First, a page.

The whole country is getting sleepier. A 2009 study, Sleep in America, conducted by the National Sleep Foundation, found that 64 percent of people experienced a sleep problem at least a few nights a week, a 13 percent increase since 2001. The average American works nine hours and 30 minutes per day but sleeps three hours less — six hours and 40 minutes.
Meanwhile, revenue increased last year at Yelo, even in the midst of the recession, and continues to rise 15 to 20 percent over February 2009. Yelo has a steady stream of regular clients, corporate-types from nearby Hearst and Time Warner, some who nap three or four times per week.
“We have people who live on floors above us in the building who come down here to nap,” said owner Nicolas Ronco. “It’s a much better environment.”
“There’s always so much noise around my apartment, and stress keeps me up late,” she said. “But this is near my office, it’s quick, it’s cheap and it’s a good way to recharge my batteries for the afternoon.”Napper Kim McCarver said she will gladly pay for a service that she sometimes finds it hard to get at home.
The siesta is commonplace in many Latin American countries. Power napping is also big in Japan, where workers are encouraged to practice inemuri, or “sleeping while present,” a sign that one is forgoing sleep at night. Napping at the office, even doing so sitting straight up and in front of co-workers, is the ultimate indicator of hard work.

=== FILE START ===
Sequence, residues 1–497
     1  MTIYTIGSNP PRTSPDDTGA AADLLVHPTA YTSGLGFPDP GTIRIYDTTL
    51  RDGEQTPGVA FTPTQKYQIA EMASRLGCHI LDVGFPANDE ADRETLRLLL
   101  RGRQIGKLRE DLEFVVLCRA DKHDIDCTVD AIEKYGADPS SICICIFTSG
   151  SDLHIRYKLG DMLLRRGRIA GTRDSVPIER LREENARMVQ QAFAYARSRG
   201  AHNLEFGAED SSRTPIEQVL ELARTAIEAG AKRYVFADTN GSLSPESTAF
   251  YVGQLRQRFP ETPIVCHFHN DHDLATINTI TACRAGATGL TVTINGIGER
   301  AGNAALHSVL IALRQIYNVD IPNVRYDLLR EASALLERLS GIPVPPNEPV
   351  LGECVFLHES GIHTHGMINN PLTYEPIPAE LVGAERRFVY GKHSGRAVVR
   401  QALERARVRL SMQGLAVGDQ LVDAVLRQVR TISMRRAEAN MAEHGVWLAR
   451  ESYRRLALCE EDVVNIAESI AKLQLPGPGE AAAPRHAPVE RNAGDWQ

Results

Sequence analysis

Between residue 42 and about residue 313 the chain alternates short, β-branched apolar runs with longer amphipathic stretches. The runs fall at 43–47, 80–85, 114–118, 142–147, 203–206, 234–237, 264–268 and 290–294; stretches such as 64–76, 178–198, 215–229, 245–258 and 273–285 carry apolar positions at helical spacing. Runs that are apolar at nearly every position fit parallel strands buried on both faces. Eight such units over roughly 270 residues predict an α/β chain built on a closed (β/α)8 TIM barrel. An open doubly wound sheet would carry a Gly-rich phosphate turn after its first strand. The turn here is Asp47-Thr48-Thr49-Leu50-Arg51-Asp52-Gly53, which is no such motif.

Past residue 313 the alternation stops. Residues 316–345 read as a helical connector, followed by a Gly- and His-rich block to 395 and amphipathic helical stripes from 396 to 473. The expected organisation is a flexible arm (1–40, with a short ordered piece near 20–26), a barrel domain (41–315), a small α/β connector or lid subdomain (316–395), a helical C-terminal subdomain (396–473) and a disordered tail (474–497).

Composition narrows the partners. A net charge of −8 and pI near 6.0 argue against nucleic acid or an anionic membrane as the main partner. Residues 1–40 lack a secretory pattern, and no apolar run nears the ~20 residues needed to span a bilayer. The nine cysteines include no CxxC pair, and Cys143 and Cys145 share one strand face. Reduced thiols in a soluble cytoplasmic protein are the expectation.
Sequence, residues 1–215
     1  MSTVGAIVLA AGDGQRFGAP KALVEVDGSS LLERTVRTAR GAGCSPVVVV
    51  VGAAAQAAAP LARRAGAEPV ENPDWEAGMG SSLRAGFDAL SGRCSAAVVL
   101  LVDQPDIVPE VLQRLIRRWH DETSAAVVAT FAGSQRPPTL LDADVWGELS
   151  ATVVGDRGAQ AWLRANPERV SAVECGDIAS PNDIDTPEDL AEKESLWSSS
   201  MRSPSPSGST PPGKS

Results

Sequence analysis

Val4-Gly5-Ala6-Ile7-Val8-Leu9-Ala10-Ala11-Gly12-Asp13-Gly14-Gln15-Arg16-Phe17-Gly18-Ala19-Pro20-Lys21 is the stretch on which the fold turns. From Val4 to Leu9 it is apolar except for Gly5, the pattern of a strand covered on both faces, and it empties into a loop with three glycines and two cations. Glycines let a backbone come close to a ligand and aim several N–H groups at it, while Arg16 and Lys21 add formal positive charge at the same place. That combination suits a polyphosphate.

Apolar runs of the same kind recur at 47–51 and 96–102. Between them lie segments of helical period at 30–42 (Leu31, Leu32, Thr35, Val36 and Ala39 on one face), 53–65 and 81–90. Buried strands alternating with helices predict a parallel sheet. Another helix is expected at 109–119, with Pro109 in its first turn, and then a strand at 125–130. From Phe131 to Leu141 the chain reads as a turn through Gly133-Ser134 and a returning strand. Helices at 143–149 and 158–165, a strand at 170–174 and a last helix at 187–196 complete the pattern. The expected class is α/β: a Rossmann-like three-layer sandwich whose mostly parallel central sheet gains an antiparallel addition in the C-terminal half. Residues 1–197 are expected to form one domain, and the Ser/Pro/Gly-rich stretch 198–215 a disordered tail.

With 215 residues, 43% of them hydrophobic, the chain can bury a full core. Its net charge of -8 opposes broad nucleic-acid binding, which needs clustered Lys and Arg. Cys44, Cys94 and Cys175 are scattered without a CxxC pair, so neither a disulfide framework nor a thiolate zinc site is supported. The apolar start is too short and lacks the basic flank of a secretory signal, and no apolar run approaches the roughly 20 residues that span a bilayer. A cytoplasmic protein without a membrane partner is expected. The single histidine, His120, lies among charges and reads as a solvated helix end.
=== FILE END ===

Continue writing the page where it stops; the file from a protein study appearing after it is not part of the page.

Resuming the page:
Yet this attitude towards napping is foreign to corporate America, where the majority of employees would not feel comfortable resting their heads on the keyboard and instead enter into meaningful relationships with caffeine, energy drinks and pills. Stern is considering opening his own napping center near his BlueSleep practice in the Financial District, where he said “people really need a nap.” He has even seen cases of bus and subway drivers falling asleep on the job.
“I recommend naps to my patients and they all say, ‘Oh, no I can’t leave work.’ They’re worried about losing their jobs,” said Stern. “They don’t understand that sleep deprivation affects job performance. A nap will help you perform your job better.”
Lack of sleep significantly affects a person’s physical health, mental well-being and overall quality of life. It can also be deadly. The National Highway Traffic Safety Administration reports that more than 1,500 people are killed annually from driving while drowsy. In a 2006 study published in the Harvard Business Review, researchers found that a week of sleeping only four or five hours per night impairs performance to the same extent as having a blood alcohol level of .1 percent — legal drunkenness.
“Most Americans’ idea of napping is their grandfather on a Sunday afternoon,” said Hazel, operations director at Yelo where I lay my head to rest. “Napping can reduce sickness, lower healthcare costs and help create a happier world.”
Toward the end of my 20 minutes in the sleeping pod, I think I finally dozed off. The soft lights slowly brightened, rousing me from my slumber. I crawled out from underneath the warm blanket and headed out into the cold city winds. The experts were right: only a few minutes of sleep were enough to refresh and energize me through another New York City afternoon.